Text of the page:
But now the thought of emailing Kara made Lena feel only ashamed. Each time her fingers moved over the keys, her mind would flash back to the artist, standing before her, beautiful and unsuspecting. Everything she thought to say felt like a lie, and lying was out of the question.
She closed the laptop and placed it beside her on the couch, feeling depressed and alone in her empty hotel room.
The knock at the door was soft but audible in the sudden silence and Lena frowned briefly before moving to answer it.
Diana stood in the hallway, looking somewhat hesitant to be there. She smiled shyly. “I hope this isn’t a bad time?”
Lena regarded the director with mild curiosity. “Not at all,” she said. “Would you like to come in?”
“No, that’s okay.”
Lena felt nervous suddenly, and didn’t know why. She now regretted telling the director the truth about herself. It made her feel exposed. It made her feel unbearably shy. But at least she could pretend to feel otherwise. Acting was, after all, what she did best.
“I just came by because... well, what are your plans for tonight?”
“None.” Lena smiled. “Why? Did you schedule some exciting auditions for tonight?”
“Actually, I got a couple of tickets for Wicked and it was either invite you or invite Ella Peters or just go by myself, and honestly, the first option was the most appealing so... here I am. You are, of course, under no obligation to say yes.”
Lena’s nervousness escalated. “Uh...”
“It’s not a date,” Diana added, “if that’s what you’re worried about. I mean, unless you want it to be. Not that I want it to be a date... or not want it to be. Uh...” She took a breath. “How am I doing on the smoothness scale?”
Diana looked so nervous that Lena had to smile. At least she wasn’t alone. “Wicked sounds fun,” she said, because it was the truth and because the thought of being outside was less depressing than the alternative.
“Excellent. Glad this wasn’t as awkward as I feared.” Diana laughed. “Seven o’clock sound okay to you? Meet up in the lobby?”
“It’s a plan.” She’d almost said ‘date’ but stopped herself. “See you then.”
Lena closed the door and leaned against it. She let out a long breath and tried to relax.
Diana had asked her out. Sort of. Diana had maybe kind of asked her out, which made tonight a sort of kind of maybe date to which she had said yes.
She thought of Kara suddenly. At that moment, she wanted nothing more than to talk to the artist. She wanted to gather up her mess of feelings and drop them at Kara’s feet, to sit quietly by and watch the artist sort through them. She wanted it to be Kara who sat in her room, telling her what to wear. She wanted it to be Kara that stood at the other end of the evening, eagerly awaiting the details of her date.
Lena desperately wanted Kara to know her, really know her; not as Tess, not as Lena Luthor, but as her. The part of her not captured on film. The part of her few others saw.
She sighed sadly, glancing at the computer. Perhaps she could drop Kara a quick email. Just to say hello. Saying hello wouldn’t be a lie.
Back on the couch, Lena stared at the empty email message before starting to type.
I’m sorry I’ve been so bad about writing to you. I’m not the best at online communication.
However, I really wanted to say hi and see how you’re doing.
Currently, I’m freaking out a bit over the fact that She Who Saved Me From Boring Conversation asked me out. Well... that’s not entirely true. She invited me to go with her to see a play. The date-or-not-date aspect wasn’t quite clear as she kind of stumbled through that section.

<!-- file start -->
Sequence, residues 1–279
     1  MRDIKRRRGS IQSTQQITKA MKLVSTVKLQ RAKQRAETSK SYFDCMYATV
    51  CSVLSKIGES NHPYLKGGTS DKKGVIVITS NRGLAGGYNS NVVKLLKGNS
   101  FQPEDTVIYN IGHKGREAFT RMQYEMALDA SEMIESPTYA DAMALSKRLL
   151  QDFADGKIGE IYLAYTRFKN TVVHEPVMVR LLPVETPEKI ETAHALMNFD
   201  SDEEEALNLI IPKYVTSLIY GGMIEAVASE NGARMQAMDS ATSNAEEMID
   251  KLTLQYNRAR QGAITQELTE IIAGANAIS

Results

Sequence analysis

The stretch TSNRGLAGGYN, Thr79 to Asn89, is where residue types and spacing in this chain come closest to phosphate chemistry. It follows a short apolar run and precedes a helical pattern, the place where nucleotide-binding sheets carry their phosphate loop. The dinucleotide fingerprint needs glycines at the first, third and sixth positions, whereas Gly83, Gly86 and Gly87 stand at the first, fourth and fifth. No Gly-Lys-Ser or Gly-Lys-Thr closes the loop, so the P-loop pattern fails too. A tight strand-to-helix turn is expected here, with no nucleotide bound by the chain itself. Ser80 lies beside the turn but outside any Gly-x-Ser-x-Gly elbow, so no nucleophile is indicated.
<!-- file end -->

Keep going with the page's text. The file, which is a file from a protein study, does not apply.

I have no idea what to wear.
I hope your day is going well.
Lena wondered why everyone felt the need to leave the theater at the exact same time.
Did they all have important meetings to get to? Was the air inside so suffocating? Had someone shouted, “Fire!” the moment the curtain had gone down? She watched the crowds of people as they pushed their way toward the exits.
“So what did you think?”
Lena turned to Diana. They were both still seated in their VIP seats, waiting for the masses to disperse. “I loved it,” she said. “I feel like watching it all over again.”
Diana smiled brightly. “That can be arranged. I’m sorry I could only get two tickets. I’m sure you would’ve liked to invite Jack and Sam along.”
The comment surprised Lena, but she didn’t show it. “They’re actually out on a romantic tour of the city.”
“So, you and Jack... you were never really...”
“A couple? No. The media liked us together so we went along with it.” Lena shrugged, feeling uncomfortable with the conversation.
Diana nodded. “Yeah, I know how that goes.”
Lena wondered at that, but didn’t ask. “Looks like the coast is clear. Shall we?”
Lena trailed after Diana, wondering what might come next. Despite her nervousness she didn’t want the evening to end. She enjoyed the director’s company. More than that, she dreaded the thought of returning to her empty hotel room.
“Are you hungry?”
She was, Lena suddenly realized. She was starving. “Very.”
“I wasn’t sure if you wanted to go back to the hotel or not...”
Lena smiled. “What did you have in mind?”
Diana laughed and looked away. Lena thought she saw her blush. “For dinner? I have just the place.”
Kara settled into bed and pulled the covers over herself in an effort to keep warm. The temperature outside had dropped considerably and the temperature inside her room wasn’t faring any better. She shivered and pulled the laptop closer.
She’d spent the evening chasing Lucy from store to store, giving half-hearted opinions about outfits she’d never personally wear in her lifetime, and trying desperately to think up a good excuse to escape. But she’d stayed through to the end of the madness, as a good best friend would, and now she was happy to be home, tucked away in the peacefulness of her room, freezing her ass off.
Kara watched the email load on her screen. She hadn’t heard from Tess since their phone conversation. Their email exchanges had tapered off over the past couple of weeks and Kara wondered if she should take the hint and stop writing. But just as she had the thought, the name Tess Thorul caught her eye.